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Ending the Saudi Double Game By: Robert Spencer
FrontPageMagazine.com | Thursday, June 23, 2005


When American soldiers raided jihadist hideouts in northeastern Iraq this week, they found a number of foreign passports, including two from Saudi Arabia. Several weeks ago the Syrians arrested 300 Saudis before they could cross into Iraq and join the jihad against America. These are just two more bits of evidence that loyalties continue to be divided in Saudi Arabia — underscoring the urgency of the Saudi Arabia Accountability Act of 2005, which was introduced in the Senate recently by Senator Arlen Specter. The Saudis have been playing a double game since 9/11, maintaining their alliance with the U.S. while aiding the jihad worldwide; now Specter and the bill’s other sponsors are trying to put a stop to the duplicity.

This Act is intended to “halt Saudi support for institutions that fund, train, incite, encourage, or in any other way aid and abet terrorism, and to secure full Saudi cooperation in the investigation of terrorist incidents, and for other purposes.” It calls on the Saudis to comply with UN Security Council Resolution 1373 of 2001, which directs all nations to “refrain from providing any form of support, active or passive, to entities or persons involved in terrorist acts,” as well as to take “the necessary steps to prevent the commission of terrorist acts” and “deny safe haven to those who finance, plan, support, or commit terrorist acts.” It cites a 2002 report by the Council on Foreign Relations that notes that “for years, individuals and charities based in Saudi Arabia have been the most important source of funds for al-Qaeda, and for years, Saudi officials have turned a blind eye to this problem.” A June 2004 CFR report lamented that “since September 11, 2001, we know of not a single Saudi donor of funds to terrorist groups who has been publicly punished.”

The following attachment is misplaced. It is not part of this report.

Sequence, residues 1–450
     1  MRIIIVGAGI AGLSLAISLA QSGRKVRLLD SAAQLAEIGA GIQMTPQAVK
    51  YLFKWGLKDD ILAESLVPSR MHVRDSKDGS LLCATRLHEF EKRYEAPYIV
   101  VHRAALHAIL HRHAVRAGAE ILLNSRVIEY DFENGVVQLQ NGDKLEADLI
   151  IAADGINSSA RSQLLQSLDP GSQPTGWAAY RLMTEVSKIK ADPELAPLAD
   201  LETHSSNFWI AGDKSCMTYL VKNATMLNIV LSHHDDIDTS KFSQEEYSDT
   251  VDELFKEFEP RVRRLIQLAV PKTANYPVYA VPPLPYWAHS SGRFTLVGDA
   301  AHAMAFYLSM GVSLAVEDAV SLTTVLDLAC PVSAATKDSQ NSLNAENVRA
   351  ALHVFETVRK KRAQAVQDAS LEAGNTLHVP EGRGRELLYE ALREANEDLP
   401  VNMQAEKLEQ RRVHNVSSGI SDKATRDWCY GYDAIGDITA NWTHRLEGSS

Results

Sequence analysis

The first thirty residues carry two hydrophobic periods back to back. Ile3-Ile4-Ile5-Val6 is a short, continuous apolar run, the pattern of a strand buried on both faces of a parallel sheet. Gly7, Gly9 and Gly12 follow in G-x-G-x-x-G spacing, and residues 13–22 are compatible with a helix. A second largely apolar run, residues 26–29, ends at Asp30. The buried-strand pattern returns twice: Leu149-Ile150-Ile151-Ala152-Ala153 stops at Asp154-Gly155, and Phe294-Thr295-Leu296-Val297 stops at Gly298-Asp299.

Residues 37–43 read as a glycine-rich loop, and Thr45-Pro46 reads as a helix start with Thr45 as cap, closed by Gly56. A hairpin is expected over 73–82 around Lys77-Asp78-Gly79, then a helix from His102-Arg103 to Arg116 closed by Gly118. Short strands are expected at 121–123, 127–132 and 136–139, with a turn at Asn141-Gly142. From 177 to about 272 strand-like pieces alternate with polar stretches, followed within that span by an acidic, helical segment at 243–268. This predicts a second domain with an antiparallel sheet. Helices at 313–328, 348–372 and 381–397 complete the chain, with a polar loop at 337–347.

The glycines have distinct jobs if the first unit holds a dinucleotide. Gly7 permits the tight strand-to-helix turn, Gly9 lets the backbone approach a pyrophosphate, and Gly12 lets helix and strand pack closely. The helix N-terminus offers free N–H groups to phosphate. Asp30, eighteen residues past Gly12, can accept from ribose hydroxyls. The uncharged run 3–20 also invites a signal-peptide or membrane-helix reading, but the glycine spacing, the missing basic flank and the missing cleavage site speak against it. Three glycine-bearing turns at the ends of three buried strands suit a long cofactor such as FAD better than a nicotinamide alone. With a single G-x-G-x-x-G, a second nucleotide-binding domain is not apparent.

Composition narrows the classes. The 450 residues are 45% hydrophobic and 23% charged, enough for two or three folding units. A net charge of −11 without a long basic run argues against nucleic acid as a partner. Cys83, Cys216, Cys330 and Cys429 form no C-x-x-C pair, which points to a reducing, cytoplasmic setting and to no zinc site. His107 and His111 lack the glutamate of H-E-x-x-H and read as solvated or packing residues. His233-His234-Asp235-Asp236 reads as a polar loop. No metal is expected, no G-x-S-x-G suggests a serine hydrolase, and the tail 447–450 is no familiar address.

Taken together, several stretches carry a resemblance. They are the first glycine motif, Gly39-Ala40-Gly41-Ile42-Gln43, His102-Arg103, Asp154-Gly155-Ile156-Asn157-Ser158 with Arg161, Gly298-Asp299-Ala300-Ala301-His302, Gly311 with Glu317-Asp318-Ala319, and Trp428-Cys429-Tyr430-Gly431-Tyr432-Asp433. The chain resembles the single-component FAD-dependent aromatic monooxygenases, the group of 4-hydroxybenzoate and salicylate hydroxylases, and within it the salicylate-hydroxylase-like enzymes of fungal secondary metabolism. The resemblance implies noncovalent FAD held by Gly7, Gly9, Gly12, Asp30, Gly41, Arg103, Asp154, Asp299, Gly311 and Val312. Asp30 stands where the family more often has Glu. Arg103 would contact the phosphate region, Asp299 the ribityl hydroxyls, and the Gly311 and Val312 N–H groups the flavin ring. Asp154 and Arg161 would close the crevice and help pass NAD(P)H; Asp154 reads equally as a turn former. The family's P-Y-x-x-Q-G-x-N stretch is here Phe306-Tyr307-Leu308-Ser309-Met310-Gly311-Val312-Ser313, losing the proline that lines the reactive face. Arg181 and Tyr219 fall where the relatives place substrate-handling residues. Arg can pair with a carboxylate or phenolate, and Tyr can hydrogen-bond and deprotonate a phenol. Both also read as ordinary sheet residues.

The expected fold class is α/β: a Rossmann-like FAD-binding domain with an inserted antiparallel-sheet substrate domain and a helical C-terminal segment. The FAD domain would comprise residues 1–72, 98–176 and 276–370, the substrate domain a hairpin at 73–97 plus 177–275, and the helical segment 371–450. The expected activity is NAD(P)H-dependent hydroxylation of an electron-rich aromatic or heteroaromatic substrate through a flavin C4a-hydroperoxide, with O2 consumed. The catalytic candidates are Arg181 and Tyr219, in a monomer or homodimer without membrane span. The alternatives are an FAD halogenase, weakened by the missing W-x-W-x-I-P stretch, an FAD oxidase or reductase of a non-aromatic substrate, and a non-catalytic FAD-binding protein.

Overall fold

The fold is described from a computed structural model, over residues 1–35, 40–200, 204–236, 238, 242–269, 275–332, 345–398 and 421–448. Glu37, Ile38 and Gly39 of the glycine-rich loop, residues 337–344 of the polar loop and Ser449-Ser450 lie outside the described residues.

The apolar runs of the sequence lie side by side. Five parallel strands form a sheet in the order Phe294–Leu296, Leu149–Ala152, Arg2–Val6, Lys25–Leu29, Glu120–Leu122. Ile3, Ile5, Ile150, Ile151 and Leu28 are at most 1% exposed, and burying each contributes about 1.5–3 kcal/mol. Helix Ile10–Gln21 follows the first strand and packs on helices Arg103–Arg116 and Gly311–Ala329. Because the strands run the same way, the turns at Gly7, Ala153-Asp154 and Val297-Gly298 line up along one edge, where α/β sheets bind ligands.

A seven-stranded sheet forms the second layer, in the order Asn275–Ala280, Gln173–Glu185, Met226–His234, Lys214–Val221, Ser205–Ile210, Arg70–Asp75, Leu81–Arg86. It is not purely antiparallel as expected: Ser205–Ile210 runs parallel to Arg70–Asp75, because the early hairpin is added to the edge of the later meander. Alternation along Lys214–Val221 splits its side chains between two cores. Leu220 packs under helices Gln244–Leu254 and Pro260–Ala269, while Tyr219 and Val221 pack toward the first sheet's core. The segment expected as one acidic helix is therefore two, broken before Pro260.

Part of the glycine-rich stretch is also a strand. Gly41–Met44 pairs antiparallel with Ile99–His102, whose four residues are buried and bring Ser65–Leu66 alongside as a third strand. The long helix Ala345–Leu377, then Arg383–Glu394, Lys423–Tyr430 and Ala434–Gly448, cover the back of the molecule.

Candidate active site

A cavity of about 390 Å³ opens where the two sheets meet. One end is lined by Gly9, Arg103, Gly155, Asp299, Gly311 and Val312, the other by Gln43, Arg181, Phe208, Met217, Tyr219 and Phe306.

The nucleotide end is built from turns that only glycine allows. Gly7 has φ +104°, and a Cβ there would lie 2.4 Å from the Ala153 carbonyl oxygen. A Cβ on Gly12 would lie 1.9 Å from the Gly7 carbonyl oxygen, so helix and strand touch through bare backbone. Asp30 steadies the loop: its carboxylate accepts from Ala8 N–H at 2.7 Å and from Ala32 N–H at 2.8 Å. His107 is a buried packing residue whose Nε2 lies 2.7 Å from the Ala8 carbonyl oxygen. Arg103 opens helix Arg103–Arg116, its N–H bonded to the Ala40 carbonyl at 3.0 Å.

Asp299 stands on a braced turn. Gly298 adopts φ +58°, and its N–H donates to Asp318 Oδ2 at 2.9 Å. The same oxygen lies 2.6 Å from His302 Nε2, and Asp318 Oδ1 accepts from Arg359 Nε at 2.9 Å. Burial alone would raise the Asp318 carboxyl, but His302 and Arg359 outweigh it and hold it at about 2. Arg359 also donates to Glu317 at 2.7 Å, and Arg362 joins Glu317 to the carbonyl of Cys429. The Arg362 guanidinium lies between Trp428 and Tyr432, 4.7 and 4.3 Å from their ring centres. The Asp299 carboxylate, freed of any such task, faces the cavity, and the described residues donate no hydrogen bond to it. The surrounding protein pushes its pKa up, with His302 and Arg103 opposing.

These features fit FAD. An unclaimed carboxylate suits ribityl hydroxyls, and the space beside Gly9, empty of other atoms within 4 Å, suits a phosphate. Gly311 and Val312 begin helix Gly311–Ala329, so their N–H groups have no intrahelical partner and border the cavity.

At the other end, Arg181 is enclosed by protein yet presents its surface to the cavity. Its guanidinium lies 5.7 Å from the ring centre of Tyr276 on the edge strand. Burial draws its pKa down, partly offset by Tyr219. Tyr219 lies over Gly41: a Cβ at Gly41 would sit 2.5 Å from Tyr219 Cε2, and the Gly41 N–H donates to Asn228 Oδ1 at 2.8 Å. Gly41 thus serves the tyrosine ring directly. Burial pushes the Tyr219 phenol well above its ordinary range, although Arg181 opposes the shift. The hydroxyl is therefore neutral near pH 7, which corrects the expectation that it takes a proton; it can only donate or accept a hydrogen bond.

The bill — S. 1171 — notes not only that the Saudis are financing terrorist groups, but that they are also aggressively spreading the jihad ideology that fuels terrorism. And they’re doing so right in the United States. The Islamic Society of North America (ISNA), through its subsidiary the North American Islamic Trust, owns over 300 mosques in the United States. The Accountability Act cites the January 28, 2005 report from Freedom House’s Center for Religious Freedom, which revealed that what is being taught in those mosques: “material promoting hatred, intolerance, and violence within United States mosques and Islamic centers.” What’s more, “these publications are often official publications of a Saudi ministry or distributed by the Embassy of Saudi Arabia in Washington, D.C.” One tract featured in the report tells Muslims: “Be dissociated from the infidels, hate them for their religion, leave them, never rely on them for support, do not admire them, and always oppose them in every way according to Islamic law.” A high school textbook makes it absolutely clear where such teaching leads: “To be true Muslims, we must prepare and be ready for jihad in Allah’s way. It is the duty of the citizen and the government. The military education is glued to faith and its meaning, and the duty to follow it.”

 

It is not surprising that such sentiments should be found in material coming from the Saudis. As late as November 2003, the Islamic Affairs Department (IAD) of the Saudi embassy in Washington featured this statement on its website: “The Muslims are required to raise the banner of Jihad in order to make the Word of Allah supreme in this world, to remove all forms of injustice and oppression, and to defend the Muslims. If Muslims do not take up the sword, the evil tyrants of this earth will be able to continue oppressing the weak and [the] helpless…”